Gaffe lists often begin with Nixon

The gaffe lists often start with something to do with Richard Nixon’s appearance in 1960. He didn’t wear makeup. He was less handsome than John F. Kennedy (and therefore was stupid to agree to the televised debate). The color of his suit was too light and showed poorly on black-and-white TV, whereas JFK’s more media savvy team had him tanned and rested and in a dark suit.

How is this a gaffe? Does it tell us anything important about Nixon? I say no. It actually makes me like him better that he ignored advice about how to play himself on TV or about the supreme importance of makeup.

Probably the dumbest wrong thing anyone ever said in such a debate was when Gerald Ford “freed Poland” (as the usual shorthand reference to this gaffe goes) during the 1976 debates. Ford was asked about the Helsinki Accords that Ford had signed, and whether that agreement was a virtual acknowledgement that the Soviet Union had dominance in Eastern Europe. In his answer, Ford famously said: “There is no Soviet domination of Eastern Europe and there never will be under a Ford Administration …”

If you take Ford literally, it sounds like he was somehow so clueless as to be unaware that, since the end of World War II, most countries in Eastern Europe were dominated and controlled by Moscow.

Ford was nowhere near that clueless. He was president at the time and had been in Congress since 1948. He knew perfectly well that Eastern Europe was under Soviet domination. He had bravely and wisely signed the Helsinki agreement, which was an important step toward the U.S.-Soviet “détente” that reduced the chance of the Cold War leading to an apocalyptic nuclear hot war.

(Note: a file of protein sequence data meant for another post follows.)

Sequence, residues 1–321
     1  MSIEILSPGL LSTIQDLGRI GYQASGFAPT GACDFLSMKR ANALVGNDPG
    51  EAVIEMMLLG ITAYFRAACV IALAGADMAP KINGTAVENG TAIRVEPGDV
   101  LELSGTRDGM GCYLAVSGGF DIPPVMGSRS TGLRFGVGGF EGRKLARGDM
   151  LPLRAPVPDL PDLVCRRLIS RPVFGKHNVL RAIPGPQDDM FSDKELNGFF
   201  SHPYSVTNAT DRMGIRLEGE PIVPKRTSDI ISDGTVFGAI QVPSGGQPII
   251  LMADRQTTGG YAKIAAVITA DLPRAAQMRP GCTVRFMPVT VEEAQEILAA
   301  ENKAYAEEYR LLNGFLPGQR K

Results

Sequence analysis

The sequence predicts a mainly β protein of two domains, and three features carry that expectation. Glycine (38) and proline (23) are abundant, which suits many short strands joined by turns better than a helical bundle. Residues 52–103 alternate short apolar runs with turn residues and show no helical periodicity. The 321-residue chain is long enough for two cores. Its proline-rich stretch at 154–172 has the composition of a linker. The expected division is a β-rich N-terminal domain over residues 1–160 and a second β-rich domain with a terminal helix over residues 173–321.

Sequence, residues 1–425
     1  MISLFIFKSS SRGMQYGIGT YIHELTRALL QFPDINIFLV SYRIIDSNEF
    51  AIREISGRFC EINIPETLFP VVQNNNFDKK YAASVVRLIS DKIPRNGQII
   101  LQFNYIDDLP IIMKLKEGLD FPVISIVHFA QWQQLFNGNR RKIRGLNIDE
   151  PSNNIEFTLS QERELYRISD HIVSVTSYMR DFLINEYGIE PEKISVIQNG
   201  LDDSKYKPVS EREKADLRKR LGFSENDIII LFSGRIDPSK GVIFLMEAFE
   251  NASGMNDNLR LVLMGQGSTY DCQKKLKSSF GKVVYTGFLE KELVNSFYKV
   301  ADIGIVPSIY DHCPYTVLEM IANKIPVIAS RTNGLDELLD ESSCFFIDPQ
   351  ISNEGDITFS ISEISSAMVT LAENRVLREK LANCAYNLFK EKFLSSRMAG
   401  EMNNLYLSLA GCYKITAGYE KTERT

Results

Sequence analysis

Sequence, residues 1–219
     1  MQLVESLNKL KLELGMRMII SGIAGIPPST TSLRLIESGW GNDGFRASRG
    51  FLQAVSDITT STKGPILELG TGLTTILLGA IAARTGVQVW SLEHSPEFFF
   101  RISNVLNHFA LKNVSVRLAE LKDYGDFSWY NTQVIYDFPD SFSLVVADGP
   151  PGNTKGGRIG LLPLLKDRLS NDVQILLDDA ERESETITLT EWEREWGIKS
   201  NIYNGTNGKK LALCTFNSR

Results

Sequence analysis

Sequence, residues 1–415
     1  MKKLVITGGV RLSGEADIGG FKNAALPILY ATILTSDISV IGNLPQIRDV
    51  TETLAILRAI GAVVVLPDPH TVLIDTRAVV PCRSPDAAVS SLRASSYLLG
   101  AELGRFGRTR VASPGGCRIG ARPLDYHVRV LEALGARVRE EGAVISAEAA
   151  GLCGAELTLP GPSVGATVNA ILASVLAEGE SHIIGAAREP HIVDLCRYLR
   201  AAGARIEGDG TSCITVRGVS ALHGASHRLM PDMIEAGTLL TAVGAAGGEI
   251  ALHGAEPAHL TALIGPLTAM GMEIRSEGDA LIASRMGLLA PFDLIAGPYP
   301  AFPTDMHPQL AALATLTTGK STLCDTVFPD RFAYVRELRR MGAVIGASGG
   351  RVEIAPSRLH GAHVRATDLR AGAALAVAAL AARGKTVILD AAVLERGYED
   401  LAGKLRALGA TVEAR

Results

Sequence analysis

Ford knew about Soviet influence in Eastern Europe, but based on a political calculation, one assumes, he decided to say that the United States was not content to have Soviet domination continue forever. (And, as a matter of fact, it did not continue forever). But he didn’t say that. He said something that, if he meant it, would have made him too clueless to be president.

(Ford’s paragraph-long gaffe concluded with this sentence: “The United States does not concede that those nations are under the domination of the Soviet Union,” which I think is further evidence that Ford thought he was talking about whether he accepts Soviet domination of Eastern Europe as permanent, rather than whether he was of the then-current situation in Eastern Europe.)

Many gaffes are like this, saying something that is much dumber than what you meant to say. What Ford said was dumb, but thinking that it was an indication of his cluelessness of the basics of geopolitics was even dumber, and that even-dumber dumbness is committed by the pundits and those in the audience who made too big a deal out of it.

Dukakis’ ‘gaffe’ over capital punishment

Democratic 1988 nominee Michael Dukakis was opposed to capital punishment. Lots of people are, and this was no secret. Debate moderator Bernard Shaw asked him whether he would oppose the death penalty even for someone who raped and murdered his own dear wife. Dukakis said yes, and repeated his long-time opposition to capital punishment.

It would have been pretty ridiculous if he had changed his position, on the spot, now that someone had pointed out what might happen to his wife. It would have been bad taste to make a joke, and say that the only exception to his long-held position against capital punishment would be for someone who murdered his wife.

But Dukakis committed a third blunder, according to gaffe-watch: He didn’t show much emotion and merely repeated his long-held position. The critics suggested that he should have at least found some way to get emotional, when asked to contemplate the rape and murder of Kitty Dukakis. It’s quite possible that we should consider the ability to stay calm under pressure a good quality in a president. But, by staying so calm and cool while repeating his opposition to the death penalty, he failed some kind of regular-guy test.